Casing while drilling (CwD) has proven to be an effective method of reducing
drilling costs and solving drilling problems. Most of the current CwD
activity focuses on drilling vertical wells, but interest in directional wells
is increasing as CwD benefits in straight holes are demonstrated.
A directional CwD system has been run sufficiently to prove that directional
drilling with casing is practical with casing sizes from 7 to 13⅜ in. The
system uses a wireline-retrievable-directional-drilling assembly (positioned at
the lower end of the casing) to replace the conventional directional tools used
when drilling with drillpipe. These tools have been used to drill to
inclinations greater than 90° and have been retrieved and rerun at inclinations
ranging from vertical to horizontal.
Directional CwD can be used for a broad range of directional applications to
capture proven advantages demonstrated in vertical wells.
Growing commercial activity shows that drilling with casing is increasingly
accepted as a practical method of reducing drilling costs and solving drilling
problems.1–5 This activity includes both onshore applications in which the
entire well is drilled with casing and offshore applications in the Gulf of
Mexico and Gulf of Thailand, in which only the first hole section or two are
drilled with casing.
Most CwD activity has been focused on drilling vertical intervals, but
interest in drilling with casing in directional wells is increasing as the
processes for drilling straight holes become proven, CwD benefits are
demonstrated, and more versatile tools become available.
Vertical wells may be drilled with casing, using a simple system consisting
primarily of a special bit attached to the casing that can be drilled out to
run subsequent casing strings. But when there is a need to drill with a
motor without rotating the casing, or the section cannot confidently be drilled
with a single bit, then a retrievable drilling assembly that can be recovered
and rerun is required. Even some sections that can be drilled with a
drillout bit may be more cost-effectively drilled with a retrievable
Retrievable CwD equipment is required for directional wells because of the
need to recover the expensive directional drilling and guidance tools, the need
to have the capability to replace failed equipment before reaching the casing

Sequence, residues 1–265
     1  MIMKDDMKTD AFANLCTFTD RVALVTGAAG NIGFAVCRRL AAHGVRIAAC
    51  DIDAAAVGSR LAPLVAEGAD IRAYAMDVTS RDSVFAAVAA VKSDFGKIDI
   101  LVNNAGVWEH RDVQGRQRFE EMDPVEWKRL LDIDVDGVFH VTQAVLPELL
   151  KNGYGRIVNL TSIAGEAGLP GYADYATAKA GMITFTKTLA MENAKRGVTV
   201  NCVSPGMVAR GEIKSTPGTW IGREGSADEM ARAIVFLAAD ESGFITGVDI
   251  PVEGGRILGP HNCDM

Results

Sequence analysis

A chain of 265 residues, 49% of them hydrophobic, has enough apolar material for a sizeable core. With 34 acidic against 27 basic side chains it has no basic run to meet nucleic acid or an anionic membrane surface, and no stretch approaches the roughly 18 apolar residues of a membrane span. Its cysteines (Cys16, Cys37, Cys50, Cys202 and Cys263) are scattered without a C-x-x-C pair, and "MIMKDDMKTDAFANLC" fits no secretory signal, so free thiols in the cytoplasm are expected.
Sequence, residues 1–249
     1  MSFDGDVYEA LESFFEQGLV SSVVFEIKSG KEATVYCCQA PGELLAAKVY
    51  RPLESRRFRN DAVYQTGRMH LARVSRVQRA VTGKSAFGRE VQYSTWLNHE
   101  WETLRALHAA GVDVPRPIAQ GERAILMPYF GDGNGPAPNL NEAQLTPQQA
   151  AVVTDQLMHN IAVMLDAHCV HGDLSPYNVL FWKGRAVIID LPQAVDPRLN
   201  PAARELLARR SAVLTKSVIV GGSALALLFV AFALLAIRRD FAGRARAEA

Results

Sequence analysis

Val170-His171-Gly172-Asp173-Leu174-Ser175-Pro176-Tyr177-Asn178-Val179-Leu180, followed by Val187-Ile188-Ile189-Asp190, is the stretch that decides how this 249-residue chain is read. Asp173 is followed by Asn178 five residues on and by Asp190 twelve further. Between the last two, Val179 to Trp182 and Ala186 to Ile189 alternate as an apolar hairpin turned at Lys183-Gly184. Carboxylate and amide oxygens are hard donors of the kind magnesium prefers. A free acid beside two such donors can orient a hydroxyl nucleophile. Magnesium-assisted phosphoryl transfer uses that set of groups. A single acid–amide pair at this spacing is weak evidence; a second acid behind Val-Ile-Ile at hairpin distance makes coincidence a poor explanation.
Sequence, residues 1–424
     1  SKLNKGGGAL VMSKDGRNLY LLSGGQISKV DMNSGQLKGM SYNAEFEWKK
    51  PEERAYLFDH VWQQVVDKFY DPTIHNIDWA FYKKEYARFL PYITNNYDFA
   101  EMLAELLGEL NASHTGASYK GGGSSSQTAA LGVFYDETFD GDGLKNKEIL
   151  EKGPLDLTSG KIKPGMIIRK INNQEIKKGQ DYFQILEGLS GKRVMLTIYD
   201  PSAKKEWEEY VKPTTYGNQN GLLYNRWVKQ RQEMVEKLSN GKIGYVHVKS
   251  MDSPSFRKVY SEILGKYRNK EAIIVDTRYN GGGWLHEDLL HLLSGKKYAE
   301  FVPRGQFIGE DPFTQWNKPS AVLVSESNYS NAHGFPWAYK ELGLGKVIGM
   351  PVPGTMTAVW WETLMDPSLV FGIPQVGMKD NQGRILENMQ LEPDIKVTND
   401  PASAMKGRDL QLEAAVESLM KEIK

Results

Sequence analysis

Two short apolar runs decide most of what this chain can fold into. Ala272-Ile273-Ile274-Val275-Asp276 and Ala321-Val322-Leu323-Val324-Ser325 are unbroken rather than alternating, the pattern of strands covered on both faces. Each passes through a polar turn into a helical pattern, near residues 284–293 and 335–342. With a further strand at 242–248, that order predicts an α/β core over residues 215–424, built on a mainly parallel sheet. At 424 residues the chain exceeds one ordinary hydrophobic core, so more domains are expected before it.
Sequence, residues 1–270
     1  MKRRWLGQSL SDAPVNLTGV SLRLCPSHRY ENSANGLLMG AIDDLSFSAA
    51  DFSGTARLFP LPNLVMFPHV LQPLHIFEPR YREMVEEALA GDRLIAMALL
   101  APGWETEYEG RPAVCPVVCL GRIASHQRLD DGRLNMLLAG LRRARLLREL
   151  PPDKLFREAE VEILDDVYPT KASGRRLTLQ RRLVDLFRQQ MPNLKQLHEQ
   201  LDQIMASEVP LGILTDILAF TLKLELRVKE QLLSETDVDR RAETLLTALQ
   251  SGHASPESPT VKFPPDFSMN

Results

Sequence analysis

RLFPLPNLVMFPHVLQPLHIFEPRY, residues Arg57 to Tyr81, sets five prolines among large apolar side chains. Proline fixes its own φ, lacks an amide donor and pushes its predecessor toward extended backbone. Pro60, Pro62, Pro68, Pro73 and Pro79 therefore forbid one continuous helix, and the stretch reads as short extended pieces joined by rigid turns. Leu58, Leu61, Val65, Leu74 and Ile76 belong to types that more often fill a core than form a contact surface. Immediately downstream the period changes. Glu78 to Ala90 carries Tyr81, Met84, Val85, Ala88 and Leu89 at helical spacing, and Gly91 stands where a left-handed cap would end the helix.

point, and the need for quick and cost-effective access to the formations below
the casing shoe.
Versatile CwD tools required for successful directional-drilling operations
have become available recently. A wireline-retrievable
directional-drilling assembly, positioned in the lower end of the casing,
replaces the directional tools used in a conventional bottomhole assembly
This directional CwD system has been used with 5½-, 7-, 9⅝-, and 13⅜-in.
casing to drill deviated wells with relatively low inclinations. The
system also has been used with 7- and 5½-in. casings to drill several test
wells with inclinations that approached or exceeded horizontal.
Successful directional operations require more than simply having
directional tools available that can be run below the casing. BHA response
may be quite different when drilling with casing, compared to drilling with
conventional systems. Torque and drag must be managed through selecting
the casing connections, stabilization, and operational practices at the
wellsite. Special surface-handling equipment is often required to make
the CwD process efficient.
The following paragraphs explain the processes that are used to
directionally drill with casing, highlight some of the issues that must be
addressed when planning these operations, and discuss some of the testing and
field applications in which the system has been used.
© 2005. Society of Petroleum Engineers
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- Original manuscript received:
8 May 2003
- Revised manuscript received:
10 January 2005
- Manuscript approved:
29 January 2005
- Version of record:
15 March 2005